The content in this view is greater than 100% because it contains content that forces it to exceed the length of the current window size.  To support (dynamic) content that might be greater than that of the window we want to set the height of the containing block to be a minimum of a hundred percent rather than 100%, so that it is able to exceed the 100% mark if needed.

Add a App Container

Next, let’s create a full height container for our app.  Add the following below the css you just added earlier.

Here, we’ve set our app container to be full height and centered for larger viewports. You can confirm that it is centered by toggling out of device view and setting your window width to exceed 500px.

Full height centered app container

Full height centered app container

Note that the container is full height even if there is no content that pushes the layout to full height. We are achieving this by using the viewport height (vh) unit.

Please see the comments in the above css for more details.

NOTE: the width and padding values, such as  max-width: 31.25em are just for demo purposes.  You should choose the values that are appropriate for your specific app.

Add a Fixed Header

Next, let’s update the app header to be fixed to the top of the viewport and have a vertically and horizontally centered layout, with optional left/right blocks. Add the following below the css you just added earlier.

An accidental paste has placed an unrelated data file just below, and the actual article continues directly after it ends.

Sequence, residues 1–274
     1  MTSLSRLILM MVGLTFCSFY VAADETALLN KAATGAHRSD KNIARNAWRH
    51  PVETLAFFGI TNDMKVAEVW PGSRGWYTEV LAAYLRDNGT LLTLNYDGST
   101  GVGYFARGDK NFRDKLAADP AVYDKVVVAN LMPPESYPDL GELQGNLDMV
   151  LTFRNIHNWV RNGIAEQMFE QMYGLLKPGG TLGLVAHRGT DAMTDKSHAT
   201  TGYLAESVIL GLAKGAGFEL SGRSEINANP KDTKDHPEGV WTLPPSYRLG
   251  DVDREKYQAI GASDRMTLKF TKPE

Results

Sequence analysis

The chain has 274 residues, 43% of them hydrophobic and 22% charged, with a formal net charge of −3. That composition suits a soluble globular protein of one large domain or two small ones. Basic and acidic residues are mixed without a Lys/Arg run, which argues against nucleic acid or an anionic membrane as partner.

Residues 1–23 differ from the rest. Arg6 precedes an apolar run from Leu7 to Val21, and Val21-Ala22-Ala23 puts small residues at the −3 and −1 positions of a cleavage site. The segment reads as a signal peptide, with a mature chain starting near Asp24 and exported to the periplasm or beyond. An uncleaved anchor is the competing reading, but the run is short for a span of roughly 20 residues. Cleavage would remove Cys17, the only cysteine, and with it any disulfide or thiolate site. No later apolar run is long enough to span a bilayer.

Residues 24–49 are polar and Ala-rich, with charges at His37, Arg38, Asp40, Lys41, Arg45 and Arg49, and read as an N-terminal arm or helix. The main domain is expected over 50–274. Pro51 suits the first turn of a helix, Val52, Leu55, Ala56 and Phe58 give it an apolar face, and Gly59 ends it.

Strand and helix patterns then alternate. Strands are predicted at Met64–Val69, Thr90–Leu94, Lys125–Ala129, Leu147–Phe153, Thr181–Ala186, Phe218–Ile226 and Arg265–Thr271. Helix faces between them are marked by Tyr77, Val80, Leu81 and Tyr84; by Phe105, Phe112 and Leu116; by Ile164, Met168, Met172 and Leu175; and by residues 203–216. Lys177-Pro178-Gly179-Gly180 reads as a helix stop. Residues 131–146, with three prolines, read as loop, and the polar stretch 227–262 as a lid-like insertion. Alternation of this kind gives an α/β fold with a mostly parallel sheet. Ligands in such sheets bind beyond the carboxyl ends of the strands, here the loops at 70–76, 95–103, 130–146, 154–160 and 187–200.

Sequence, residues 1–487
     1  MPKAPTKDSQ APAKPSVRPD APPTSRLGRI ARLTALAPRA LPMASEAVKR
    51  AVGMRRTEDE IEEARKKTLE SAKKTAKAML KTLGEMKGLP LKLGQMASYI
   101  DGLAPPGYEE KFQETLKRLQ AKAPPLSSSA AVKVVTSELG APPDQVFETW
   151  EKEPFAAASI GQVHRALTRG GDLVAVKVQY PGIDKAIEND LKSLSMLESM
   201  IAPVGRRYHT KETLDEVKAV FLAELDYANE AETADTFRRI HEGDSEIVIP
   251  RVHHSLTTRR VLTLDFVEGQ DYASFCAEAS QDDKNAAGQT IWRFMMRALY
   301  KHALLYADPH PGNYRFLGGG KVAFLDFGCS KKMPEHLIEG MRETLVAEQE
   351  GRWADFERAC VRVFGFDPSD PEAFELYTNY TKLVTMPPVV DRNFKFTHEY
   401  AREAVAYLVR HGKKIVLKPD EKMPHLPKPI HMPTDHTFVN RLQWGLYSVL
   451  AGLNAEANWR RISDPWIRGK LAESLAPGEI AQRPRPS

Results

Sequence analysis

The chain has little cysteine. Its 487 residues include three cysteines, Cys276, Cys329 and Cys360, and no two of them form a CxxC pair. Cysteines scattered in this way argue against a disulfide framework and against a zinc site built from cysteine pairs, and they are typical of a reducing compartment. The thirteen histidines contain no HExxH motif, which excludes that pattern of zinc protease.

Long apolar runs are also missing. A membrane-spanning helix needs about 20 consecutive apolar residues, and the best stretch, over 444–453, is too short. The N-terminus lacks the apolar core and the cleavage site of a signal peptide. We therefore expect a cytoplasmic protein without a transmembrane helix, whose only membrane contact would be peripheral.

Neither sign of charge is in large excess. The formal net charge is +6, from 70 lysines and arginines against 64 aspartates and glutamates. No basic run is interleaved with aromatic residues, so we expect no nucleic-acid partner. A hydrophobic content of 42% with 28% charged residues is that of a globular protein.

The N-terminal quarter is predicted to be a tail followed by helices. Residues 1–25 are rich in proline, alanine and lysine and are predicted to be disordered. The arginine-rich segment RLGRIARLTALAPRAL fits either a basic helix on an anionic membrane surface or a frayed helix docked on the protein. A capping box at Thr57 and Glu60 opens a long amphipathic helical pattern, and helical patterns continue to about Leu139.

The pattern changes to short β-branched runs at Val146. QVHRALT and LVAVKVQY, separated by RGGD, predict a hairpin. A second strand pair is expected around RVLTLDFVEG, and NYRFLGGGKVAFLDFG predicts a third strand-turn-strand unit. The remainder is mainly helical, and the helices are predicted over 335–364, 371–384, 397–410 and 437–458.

Your layout should now look like this:

Layout with app header added

Layout with app header added

This layout also supports optional left/right content blocks, which is great for icon-based buttons.

Add Icons (Left/Right Header Content)

Update your app header markup to be as follows:

You can use whatever icon package you prefer, but for the demo I’m using Google’s Material Design Icons.  One reason I like this package is that it selects the icon based on plain text, so if there is an issue with loading the font, it falls back on displaying the icon name instead. (If you refresh your page before adding the link below, you’ll see what I mean.)

Let’s add a link to the icon font. Add this to your  <head>  block:

Your layout should now look like this:

App Header with Icons Added

App Header with Icons Added

Update main content padding

We aren’t quite done with the fixed header.  The issue we need to address won’t be clear until we add some actual content.

Go ahead and add a large block of text to the main-content block.

For example, you could go to and grab several paragraphs of dummy text.

After doing that, your layout should look something like this:

App Header with Text Clipped

App Header with Text Clipped

After adding the dummy text, we can see that the top of the main content block is being covered up by the header.  Let’s fix that.

Add the following property to the end of the  #app-container block:

While I am using a hard-coded value here, this value should really be a calculated value, based on the sum of the general padding used for this container plus the height of  #app-header, which in my case is 4em, so it would be 1em + 4em or, abstractly, $app-padding + $app-header-height.  (In a production app, I would be using something like Sass variables to calculate this value.)

The app header now no longer covers the main content.

Mobile view of a full screen web app layout

The finished layout – mobile view

Our layout is done. Yay!

I hope you found this useful.  If you liked it, please let me know in the comments and/or tweet about it. Also, if you found any errors, definitely let me know in the comments.